Newswise — STONY BROOK, N.Y., April 8, 2011 – In a meta-analysis of 42 studies with data on 20 million people regarding the relationship between unemployment and the risk of death, a team of researchers at Stony Brook University found that the risk of death was 63 percent higher in those who experienced an episode of unemployment than those who did not. They also found that the increased risk was greater for men (78 percent) than for women (37 percent). Reported in Social Science & Medicine, the overall study results reveal that the relationship between unemployment and mortality risk has remained constant for the past 50 years.
“Our study results clearly indicate that unemployment is not just bad for your pocketbook; it’s also bad for your health,” says Joseph E. Schwartz, Ph.D., Senior Author, Professor of Psychiatry and Behavioral Science, Stony Brook University School of Medicine, and Visiting Professor, Department of Medicine and Psychiatry, Columbia University. “The results suggest a causal relationship between unemployment and higher risk of death, as well as the need to identify strategies to minimize the adverse health effects of unemployment.”
Dr. Schwartz points out that while unemployment is always an issue for society, the current economic crisis and unemployment rates intensify the need to research the relationships between unemployment, health risks, and premature death. According to the U.S. Department of Labor, the national unemployment rate reached 9.6 percent in August 2010, near its highest level in 25 years. The rate continues to be high, at 8.8 percent in March 2011.
The study, titled “Losing life and livelihood: A systematic review and meta-analysis of unemployment and all-cause mortality,” included an analysis of working-age men and women mainly in Western countries over a 40-year period. Employment and unemployment were documented in the studies for people in all phases of their careers. Individuals were followed for different lengths of time in the various studies.
The researchers also found that for those who were younger (under age 50) and who experienced an episode of unemployment, the risk of death was greater (approximately 75 percent) than for those who were 50 or older (25 percent) experiencing the same.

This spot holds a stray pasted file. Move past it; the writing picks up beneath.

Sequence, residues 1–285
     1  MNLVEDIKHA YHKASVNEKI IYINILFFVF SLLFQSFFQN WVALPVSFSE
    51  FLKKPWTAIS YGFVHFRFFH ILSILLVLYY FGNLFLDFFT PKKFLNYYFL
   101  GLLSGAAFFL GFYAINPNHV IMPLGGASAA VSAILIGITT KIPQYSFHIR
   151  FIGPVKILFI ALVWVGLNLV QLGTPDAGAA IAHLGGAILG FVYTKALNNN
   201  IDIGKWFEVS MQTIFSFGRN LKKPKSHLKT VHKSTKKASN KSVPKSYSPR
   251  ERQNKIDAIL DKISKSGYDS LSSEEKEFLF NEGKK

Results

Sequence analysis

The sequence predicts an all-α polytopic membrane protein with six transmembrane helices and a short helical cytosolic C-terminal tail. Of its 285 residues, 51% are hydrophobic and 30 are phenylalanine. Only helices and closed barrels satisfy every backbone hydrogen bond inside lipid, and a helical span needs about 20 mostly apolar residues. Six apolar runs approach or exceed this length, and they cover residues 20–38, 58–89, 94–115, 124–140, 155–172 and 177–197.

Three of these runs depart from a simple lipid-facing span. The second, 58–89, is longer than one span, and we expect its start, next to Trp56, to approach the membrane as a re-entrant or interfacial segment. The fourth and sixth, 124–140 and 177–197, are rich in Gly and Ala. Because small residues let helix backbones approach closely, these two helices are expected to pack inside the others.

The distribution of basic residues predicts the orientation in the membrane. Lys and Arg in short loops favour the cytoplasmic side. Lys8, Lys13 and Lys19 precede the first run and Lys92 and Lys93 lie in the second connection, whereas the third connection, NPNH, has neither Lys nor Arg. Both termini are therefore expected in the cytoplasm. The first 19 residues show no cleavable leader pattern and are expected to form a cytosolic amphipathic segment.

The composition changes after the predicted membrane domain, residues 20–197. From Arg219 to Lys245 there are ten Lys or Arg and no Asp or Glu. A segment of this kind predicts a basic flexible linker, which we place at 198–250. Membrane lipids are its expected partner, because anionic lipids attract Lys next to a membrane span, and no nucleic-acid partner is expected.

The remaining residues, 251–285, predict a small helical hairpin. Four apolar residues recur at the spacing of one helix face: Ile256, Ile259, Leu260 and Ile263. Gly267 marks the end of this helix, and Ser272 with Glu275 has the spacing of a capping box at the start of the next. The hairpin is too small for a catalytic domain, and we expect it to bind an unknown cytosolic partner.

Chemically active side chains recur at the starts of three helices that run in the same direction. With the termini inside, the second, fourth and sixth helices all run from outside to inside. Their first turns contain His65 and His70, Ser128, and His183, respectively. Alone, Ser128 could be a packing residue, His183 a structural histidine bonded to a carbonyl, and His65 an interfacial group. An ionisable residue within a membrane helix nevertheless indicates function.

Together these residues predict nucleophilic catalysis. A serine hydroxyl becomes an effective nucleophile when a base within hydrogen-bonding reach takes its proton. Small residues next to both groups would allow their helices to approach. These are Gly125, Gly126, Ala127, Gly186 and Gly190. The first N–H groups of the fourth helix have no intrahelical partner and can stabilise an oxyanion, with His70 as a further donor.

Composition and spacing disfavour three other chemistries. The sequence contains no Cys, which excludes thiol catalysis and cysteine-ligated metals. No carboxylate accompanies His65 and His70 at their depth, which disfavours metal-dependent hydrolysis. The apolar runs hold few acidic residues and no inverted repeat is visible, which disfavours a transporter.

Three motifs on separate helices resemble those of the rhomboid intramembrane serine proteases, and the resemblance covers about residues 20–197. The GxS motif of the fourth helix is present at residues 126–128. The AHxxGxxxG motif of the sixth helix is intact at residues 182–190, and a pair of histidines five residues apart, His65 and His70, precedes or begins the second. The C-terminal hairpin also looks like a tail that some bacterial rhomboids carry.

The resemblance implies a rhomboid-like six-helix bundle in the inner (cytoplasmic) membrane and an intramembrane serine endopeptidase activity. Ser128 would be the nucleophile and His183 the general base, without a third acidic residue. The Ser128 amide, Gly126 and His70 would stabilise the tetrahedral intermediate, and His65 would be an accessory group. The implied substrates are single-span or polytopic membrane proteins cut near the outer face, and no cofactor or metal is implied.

“Those studies that followed people for more than 10 years showed a weaker relationship between unemployment and risk of death,” adds David J. Roelfs, first author, and a doctoral candidate in the Department of Sociology at Stony Brook University. “This finding strongly suggests that the increase in risk is greater during an episode of unemployment and the initial 10 years thereafter.”
Dr. Schwartz and colleagues emphasize that future research should focus on possible mediating, moderating, and confounding factors, and on whether the risk of death could be modified in individuals, either at the health care system level or individual level. Some methods they suggest could include public health initiatives that target unemployed people for more aggressive cardiovascular screening, or targeted interventions to help unemployed individuals reduce risk-taking behaviors.
The research was supported in part by a grant from the National Institutes of Health. Other study co-authors include: Eran Shor, a graduate student in the Department of Sociology, Stony Brook University (at the time of the study), and now of the Department of Sociology, McGill University, Montreal, Canada; and Karina W. Davidson, Department of Medicine and Psychiatry, Columbia University.
About Stony Brook University School of Medicine:Established in 1971, the Stony Brook University School of Medicine includes 25 academic departments centered on education, training, and advancing scientific research. The primary mission of the School is to educate caring and skilled physicians well-prepared to enter graduate and specialty training programs. The school’s graduate and specialty training programs are designed to educate medical specialists and investigators in the biomedical and clinical sciences to be well-prepared to advance the frontiers of research, clinical practice and education.